Having a clear approvals process where all changes can be monitored by key stakeholders not only makes life easier for your teams, but also means that you can react to demands, implement promotions and launch new products with speed and confidence. The key to a successful approvals process is ensuring it’s digitised where possible.

Which features to look out for when choosing a brand activation management tool

Template creation

If you have multiple teams producing retail assets, then templates are a failsafe way to ensure that everything stays on-brand, culturally relevant and consistent with specific campaigns.

Brochure creation

Never underestimate the power of print. With a creation suite built for producing both digital and printed assets, you can roll out a range of materials all with the correct branding, product names, features and prices. Bonus points for a localisation feature that can make your marketing tailored to local territories.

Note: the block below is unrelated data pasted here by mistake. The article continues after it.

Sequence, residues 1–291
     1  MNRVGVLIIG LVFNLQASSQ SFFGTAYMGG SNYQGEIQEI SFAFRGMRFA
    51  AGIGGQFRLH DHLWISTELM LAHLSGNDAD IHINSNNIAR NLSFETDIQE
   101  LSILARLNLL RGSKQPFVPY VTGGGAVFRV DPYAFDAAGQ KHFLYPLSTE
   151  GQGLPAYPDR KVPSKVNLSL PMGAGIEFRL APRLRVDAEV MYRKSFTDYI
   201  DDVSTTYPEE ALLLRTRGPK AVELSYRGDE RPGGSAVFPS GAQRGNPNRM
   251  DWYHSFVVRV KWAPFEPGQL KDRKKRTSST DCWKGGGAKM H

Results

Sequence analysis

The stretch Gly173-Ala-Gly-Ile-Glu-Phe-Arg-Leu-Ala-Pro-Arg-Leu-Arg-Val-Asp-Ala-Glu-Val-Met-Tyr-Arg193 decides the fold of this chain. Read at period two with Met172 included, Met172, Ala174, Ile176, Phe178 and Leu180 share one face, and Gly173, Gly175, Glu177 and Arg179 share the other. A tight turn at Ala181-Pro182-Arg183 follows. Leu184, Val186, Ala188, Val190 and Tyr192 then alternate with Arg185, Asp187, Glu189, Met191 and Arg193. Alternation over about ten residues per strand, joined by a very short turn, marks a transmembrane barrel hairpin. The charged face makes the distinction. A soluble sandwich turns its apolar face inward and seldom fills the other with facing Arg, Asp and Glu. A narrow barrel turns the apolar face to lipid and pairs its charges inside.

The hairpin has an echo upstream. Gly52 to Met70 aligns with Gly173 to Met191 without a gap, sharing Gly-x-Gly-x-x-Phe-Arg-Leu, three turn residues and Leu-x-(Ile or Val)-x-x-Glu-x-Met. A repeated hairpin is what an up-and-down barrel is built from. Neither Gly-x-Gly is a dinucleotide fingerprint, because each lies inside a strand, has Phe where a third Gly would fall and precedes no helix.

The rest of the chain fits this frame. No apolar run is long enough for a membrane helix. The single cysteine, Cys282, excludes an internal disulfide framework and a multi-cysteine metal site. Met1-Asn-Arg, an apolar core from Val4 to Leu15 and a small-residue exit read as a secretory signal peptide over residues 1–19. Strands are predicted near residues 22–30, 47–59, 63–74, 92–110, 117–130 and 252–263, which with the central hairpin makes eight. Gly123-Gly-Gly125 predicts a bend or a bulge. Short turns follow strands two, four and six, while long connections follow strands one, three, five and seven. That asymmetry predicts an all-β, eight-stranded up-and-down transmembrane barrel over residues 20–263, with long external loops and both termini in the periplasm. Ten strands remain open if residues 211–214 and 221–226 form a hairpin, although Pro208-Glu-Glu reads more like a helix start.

PIM & ERP system integration

As noted earlier in this article, keeping thousands of product variations consistent is much easier when you have up-to-the-minute product data at your disposal. With the right tool, you can use PIM & ERP integration to import information such as top-line USPs, and update packaging and cost information. 

Digital signage

When the pressure is on to roll out new assets in your stores, digital signage is a great way to get your messaging out there, and fast. A tool with capabilities to upload assets to in-store screens directly from one system will help cut to-market turnaround times even further.

What’s next for brand governance in retail?

The world is moving faster every day. Teams are producing more content than ever. Hitting targets rests on the shoulders of central marketing teams. It’s integral to increase speed to market without compromising brand governance and consistency. But with disconnected teams across the globe, multiple agencies involved and disparate budgets, bringing powerful production tools into the mix will be a transformative move for retail marketers everywhere. It won’t be overnight, but when technology is embraced, workflows are re-imagined, productivity is increased and teams can deliver more on-brand campaigns than ever before.

BAM makes brand governance possible